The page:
Caregivers receive different kinds of support from different social entities. Social support is a coping resource as well as assistance coming from other individuals [14]. Social support structure refers to the people or social actors supporting caregivers in doing their job. According to Wills [17], it measures the quantity or the extent of which an individual is connected to a social network. This category of social support measures the size, frequency, or density of a social network of an individual [18]. The identified social support structure is classified according to proximal social support and institution based support (See Table 4).

Proximal social supportInstitution based support
Support from colleagues (e.g. co-workers & subordinates)Support from superiors (e.g. owners and supervisors)
Support from patients (e.g. elderly patients)Support from patient’s family (e.g. children of the patient)
Support from family (e.g. parents and siblings)

Table 4.

Social support structure.

Caregivers are mentioned to be surrounded by individuals in the nursing homes. These individuals are seen to encourage the caregivers in doing their job. This refers to proximal social support. Majority of caregivers responded that their colleagues are the most proximal in terms of social support. The colleagues of the caregivers are seen to be a significant support by means of encouragement and provision. Also, caregivers and their colleagues converse about their personal and work related problems. This conversation sets as a way of supporting one another to resolve certain kinds of personal and work related problems. According a female caregiver,

“Most of the time, my colleagues and I talk about our problems. We then help each other at the same time.”

The patients of the caregivers are also seen to give social support. Caregivers admitted that their patients also tend to encourage and support them. While caregivers are tending to the needs of their patients, it is also seen that these health care workers converse with their patients about personal and work problems. Additionally, caregivers experienced different kinds of encouragement and support from their patients if their caregiver is feeling stressed and problematic. Patients tend to talk to their caregivers about their problems and that patients give encouraging advice to their health care providers in facing their problems. It is seen to be an effective social support because of the feeling that their patients are mutually responsive to certain conversations about their personal and work related problems. According to a young caregiver,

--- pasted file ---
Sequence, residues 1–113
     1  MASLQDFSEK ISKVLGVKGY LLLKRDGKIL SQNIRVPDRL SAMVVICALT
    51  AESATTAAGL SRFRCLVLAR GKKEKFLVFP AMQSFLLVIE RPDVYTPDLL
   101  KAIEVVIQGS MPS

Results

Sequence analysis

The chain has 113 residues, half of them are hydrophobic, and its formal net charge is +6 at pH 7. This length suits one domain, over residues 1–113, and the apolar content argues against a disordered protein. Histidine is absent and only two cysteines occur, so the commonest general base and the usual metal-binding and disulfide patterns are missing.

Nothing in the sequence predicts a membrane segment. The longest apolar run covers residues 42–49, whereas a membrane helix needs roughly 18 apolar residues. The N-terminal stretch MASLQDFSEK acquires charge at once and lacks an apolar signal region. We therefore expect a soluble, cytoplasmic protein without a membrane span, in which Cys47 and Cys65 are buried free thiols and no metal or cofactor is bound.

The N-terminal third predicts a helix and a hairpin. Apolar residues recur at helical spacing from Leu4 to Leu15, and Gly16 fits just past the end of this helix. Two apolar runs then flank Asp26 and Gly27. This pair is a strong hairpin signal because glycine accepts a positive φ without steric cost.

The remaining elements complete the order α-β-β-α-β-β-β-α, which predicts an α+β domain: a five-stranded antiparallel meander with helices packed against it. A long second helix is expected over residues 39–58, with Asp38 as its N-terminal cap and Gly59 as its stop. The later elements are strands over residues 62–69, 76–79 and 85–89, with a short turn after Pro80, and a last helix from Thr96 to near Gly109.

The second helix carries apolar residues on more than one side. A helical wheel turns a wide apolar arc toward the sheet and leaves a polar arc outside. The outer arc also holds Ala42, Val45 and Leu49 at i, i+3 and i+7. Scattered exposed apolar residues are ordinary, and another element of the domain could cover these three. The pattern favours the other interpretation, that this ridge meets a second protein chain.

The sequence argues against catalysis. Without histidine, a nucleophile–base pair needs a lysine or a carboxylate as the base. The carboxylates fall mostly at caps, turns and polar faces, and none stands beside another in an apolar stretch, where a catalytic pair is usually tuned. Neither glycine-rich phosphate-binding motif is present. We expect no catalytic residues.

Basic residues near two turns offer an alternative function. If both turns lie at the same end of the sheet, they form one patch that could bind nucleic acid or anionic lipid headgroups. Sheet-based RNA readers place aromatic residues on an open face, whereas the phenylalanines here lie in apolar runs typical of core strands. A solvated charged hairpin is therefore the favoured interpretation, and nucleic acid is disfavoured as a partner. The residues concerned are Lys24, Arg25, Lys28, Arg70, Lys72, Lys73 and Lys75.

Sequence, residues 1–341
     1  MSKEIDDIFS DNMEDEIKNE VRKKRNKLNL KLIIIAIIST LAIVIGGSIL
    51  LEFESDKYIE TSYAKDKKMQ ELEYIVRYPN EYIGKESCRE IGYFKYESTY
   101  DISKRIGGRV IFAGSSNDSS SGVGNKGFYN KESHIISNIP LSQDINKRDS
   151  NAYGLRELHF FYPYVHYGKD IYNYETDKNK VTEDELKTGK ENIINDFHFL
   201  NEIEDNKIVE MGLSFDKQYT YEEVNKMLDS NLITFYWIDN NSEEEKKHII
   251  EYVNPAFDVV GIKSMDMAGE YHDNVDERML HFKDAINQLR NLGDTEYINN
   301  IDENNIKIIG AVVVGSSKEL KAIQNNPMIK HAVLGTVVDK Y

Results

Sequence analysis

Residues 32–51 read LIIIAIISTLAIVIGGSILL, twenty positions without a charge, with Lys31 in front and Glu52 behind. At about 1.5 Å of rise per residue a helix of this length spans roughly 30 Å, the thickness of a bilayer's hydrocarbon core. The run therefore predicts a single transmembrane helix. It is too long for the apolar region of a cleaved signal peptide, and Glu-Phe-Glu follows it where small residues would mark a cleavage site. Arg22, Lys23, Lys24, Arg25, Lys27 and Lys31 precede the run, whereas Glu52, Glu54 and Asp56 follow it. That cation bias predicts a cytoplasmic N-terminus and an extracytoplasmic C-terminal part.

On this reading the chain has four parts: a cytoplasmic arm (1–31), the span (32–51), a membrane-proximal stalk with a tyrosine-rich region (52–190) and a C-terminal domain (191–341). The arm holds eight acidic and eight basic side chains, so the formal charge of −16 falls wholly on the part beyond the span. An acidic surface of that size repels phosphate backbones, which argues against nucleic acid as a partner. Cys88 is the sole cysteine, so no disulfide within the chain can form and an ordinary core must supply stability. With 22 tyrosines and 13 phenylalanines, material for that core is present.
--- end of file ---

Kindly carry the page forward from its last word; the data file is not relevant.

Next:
“Our patients tend to make us feel very comfortable when we talk to them about our problems. Even though they are a bit old, they can still comprehend and connect to our present situations.”

The institution is also seen to be a source of social support. Caregivers tend to receive different kinds of help from the institution itself. The institution is seen to be required to help their caregivers in terms of work related problem. Moreover, superiors are expected to encourage caregivers in their work. This is true to some caregivers in the nursing home.

“Our superiors taught us everything that we need to do in this nursing home. They serve as our teachers at the same time. They are always there when we need them.”

Having colleagues, family, patients, and other institutional entities as social support is beneficial among caregivers. According to a study by Lau et al. [14], having support from various sources may lead to better wellbeing and good quality of health among individuals. Having different entities as social support systems is beneficial on the part of geriatric palliative caregivers.

3.3.2 Social support function

The function of social support refers to the quality or functional aspects of social support received by caregivers that looks on the roles of their social network provides. The identified social support function received by caregivers are classified into two, intangible support and tangible support (See Table 5).

Intangible supportTangible support
Emotional Support (e.g. talking about problems, boosting self-esteem, etc.)Monetary support (e.g. lending money, giving incentives)
Informational Support (e.g. sharing knowledge about caregiving)In-kind support (e.g. sharing food)

Table 5.

Social support function.